Stanley Rossiter Benedict was born in Cincinnati, Ohio, and attended the University of Cincinnati, from which he received a B.A. in 1906. After graduation he continued his studies in the Department of Physiological Chemistry at Yale University with Russell H. Chittenden and Lafayette B. Mendel. Upon receiving his Ph.D. from Yale in 1908, Benedict spent a year as instructor in chemistry at Syracuse University in New York, followed by a year as associate in biological chemistry at Columbia University. In 1910, he was appointed assistant professor of chemical pathology at Cornell University Medical College in New York City and was later promoted to professor of chemistry and chairman of the department in 1913. He remained at Cornell until his death.
Benedict's major contributions to biochemistry were in the devising of analytical methods. Benedict developed precise techniques that made it possible to learn the chemical processes of the human body and made chemical analysis an important tool in the diagnosis and treatment of disease. He was well known for his development of a much improved modification of the classical Fehling test for sugar in urine. This work was featured in a Journal of Biological Chemistry Classic (1). The reagent, known as Benedict's solution, was used as the reagent of choice for measuring sugar content for more than 50 years. Benedict was also interested in cancer research, and he was one of the first investigators to attempt (although unsuccessfully) the modification of experimental tumor growth by metabolic approaches. Benedict was active in the Society and the Journal of Biological Chemistry. He served as secretary of the American Society of Biological Chemists and from 1919 to 1920 served as president. During his tenure as president, the Journal of Biological Chemistry was transferred to the Society for management. Benedict became a member of the Journal of Biological Chemistry editorial board and in 1926 became managing editor, a position he held until his death in 1936. He was elected to the National Academy of Sciences in 1924.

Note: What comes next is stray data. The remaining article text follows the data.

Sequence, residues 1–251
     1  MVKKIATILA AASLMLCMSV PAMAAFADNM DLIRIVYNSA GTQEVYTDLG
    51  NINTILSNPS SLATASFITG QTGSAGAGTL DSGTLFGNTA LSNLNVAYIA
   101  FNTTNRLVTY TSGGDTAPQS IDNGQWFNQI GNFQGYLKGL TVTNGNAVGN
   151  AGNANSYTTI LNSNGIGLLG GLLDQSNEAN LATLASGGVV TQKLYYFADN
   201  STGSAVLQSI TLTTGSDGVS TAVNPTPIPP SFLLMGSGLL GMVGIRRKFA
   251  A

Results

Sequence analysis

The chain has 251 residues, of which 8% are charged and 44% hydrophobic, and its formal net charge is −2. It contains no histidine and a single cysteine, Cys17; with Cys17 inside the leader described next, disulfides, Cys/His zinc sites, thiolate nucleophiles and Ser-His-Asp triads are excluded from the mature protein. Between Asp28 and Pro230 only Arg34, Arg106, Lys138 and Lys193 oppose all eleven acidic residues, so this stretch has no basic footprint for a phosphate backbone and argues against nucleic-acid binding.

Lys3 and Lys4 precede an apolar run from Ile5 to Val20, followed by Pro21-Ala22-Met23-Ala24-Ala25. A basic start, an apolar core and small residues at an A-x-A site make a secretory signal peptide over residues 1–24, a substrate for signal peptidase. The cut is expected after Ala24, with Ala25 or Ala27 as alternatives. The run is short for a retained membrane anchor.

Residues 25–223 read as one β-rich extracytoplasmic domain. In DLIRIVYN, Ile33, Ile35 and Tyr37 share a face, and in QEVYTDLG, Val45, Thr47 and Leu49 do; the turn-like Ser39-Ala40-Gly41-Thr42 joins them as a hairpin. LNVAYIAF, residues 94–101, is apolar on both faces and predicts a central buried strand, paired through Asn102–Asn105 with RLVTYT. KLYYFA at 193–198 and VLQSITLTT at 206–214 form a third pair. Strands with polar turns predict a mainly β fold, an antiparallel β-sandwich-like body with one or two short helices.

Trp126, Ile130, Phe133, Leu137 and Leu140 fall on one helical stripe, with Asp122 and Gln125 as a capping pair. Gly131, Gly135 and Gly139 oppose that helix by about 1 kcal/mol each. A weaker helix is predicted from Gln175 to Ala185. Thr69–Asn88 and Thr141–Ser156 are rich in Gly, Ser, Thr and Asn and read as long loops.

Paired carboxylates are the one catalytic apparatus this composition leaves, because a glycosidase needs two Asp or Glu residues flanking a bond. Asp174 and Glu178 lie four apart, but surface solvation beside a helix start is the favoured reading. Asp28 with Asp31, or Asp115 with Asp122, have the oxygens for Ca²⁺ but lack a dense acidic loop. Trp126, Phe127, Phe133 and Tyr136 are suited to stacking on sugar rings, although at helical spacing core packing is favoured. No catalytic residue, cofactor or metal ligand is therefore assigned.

1. Simoni, R. D., Hill, R. L., and Vaughan, M. (2002)Benedict's Solution, a Reagent for Measuring Reducing Sugars: the Clinical Chemistry of Stanley R. Benedict J. Biol. Chem. 277 (16)